Real-time qPCR was used to analyze relative mRNA levels of ROMKa and NKCC1a in gills of adult medaka acclimated to KF, NW, HK, or SW (30 ppt) for 7 d. The SW group was included because ROMKa and NKCC1a were suggested to be involved in K+ secretion by ionocytes of SW-acclimated fish9. We found that ROMKa was significantly higher in the HK group than in the KF, NW, and SW groups (Fig. 7A). Similarly, NKCC1a was significantly higher in the HK group than in the KF and NW groups, whereas NKCC1a of the SW group was significantly higher than that of the KF group (Fig. 7B). Both ROMKa and NKCC1a were induced by HK and SW which contained more K+, supporting ROMK and NKCC being involved in K+ secretion by ionocytes.
Localization of the ROMKa in ionocytes of medaka larvae
In situ hybridization was used to localize ROMKa mRNA in medaka larvae acclimated to NW. Ionocyte-like signals were observed in the skin and gills of larvae (Fig. 8A,B), whereas these signals were absent from the negative control in which a sense probe was used (data not shown). Larvae were further double-labeled with NKA IHC (Fig. 8C) to confirm localization of ROMKa signals in ionocytes7. The merged image reveals that ROMKa was localized to a portion of ionocytes (white arrows in Fig. 8C), but not to other ionocytes (red arrows in Fig. 8C).
Teleost fishes can maintain consistent plasma K+ levels. For example, tilapia were shown to maintain their plasma K+ concentration within a narrow range (3.8–4.4 mM) after acclimation to environments with various K+ concentrations (0.07–17 mM)9. To evaluate the capability of K+ regulation in embryonic and larval stages, we analyzed whole-body K+ contents of medaka larvae acclimated to different K+ levels (0 mM in KF, 0.48 mM in NW and 4.8 mM in HK). We found that the content was maintained in a small range of 57–67 nmol/mg. Although a significant difference of the K+ content was found between the HK and KF groups at 7 dpf, the difference had recovered by 8 dpf, the post-hatching stage (Fig. 1), indicating that the newly hatched larvae were able to maintain K+ homeostasis.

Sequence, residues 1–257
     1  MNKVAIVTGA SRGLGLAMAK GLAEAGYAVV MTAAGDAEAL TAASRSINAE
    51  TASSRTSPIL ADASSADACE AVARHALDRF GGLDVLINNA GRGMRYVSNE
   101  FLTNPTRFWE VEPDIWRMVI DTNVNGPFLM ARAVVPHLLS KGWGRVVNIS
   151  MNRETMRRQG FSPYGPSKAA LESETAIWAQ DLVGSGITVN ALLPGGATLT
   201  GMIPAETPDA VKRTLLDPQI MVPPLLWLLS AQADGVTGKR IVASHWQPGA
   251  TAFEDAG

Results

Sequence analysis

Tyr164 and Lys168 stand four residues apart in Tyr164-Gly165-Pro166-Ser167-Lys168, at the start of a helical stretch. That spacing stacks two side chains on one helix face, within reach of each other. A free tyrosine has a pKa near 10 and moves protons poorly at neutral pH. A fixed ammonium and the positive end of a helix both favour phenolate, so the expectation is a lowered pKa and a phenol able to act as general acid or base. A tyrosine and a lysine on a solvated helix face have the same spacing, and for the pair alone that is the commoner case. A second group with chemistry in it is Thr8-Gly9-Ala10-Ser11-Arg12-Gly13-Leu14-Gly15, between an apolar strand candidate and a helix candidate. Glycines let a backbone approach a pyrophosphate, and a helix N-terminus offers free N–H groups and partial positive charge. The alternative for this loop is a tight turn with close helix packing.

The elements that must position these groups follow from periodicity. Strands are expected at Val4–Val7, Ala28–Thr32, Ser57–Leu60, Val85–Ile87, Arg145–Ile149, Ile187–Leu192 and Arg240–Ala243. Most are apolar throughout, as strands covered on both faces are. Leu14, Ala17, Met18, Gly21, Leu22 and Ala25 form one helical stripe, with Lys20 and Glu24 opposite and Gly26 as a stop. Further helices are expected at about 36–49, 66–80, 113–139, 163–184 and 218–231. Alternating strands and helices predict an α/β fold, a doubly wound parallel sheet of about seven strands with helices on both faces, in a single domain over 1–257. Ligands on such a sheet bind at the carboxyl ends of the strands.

Using the SIET to measure K+ fluxes at the skin cells of intact larvae, significant K+ effluxes were found at ionocytes (Fig. 2C,E) and the K+ effluxes were suppressed by VU591, bumetanide, Ba2+, and ouabain (Fig. 4) but not TAP (Fig. 5B). In addition, HK acclimation increased the K+ efflux at ionocytes; KF acclimation decreased the K+ efflux (Fig. 3A). Taken together, we suggest that the K+ effluxes at ionoyctes were not due to leakage of internal K+ but channel/transporter-mediated K+ secretion. The ROMK, NKA, and NKCC were suggested to be involved in the K+ secretion by ionocytes.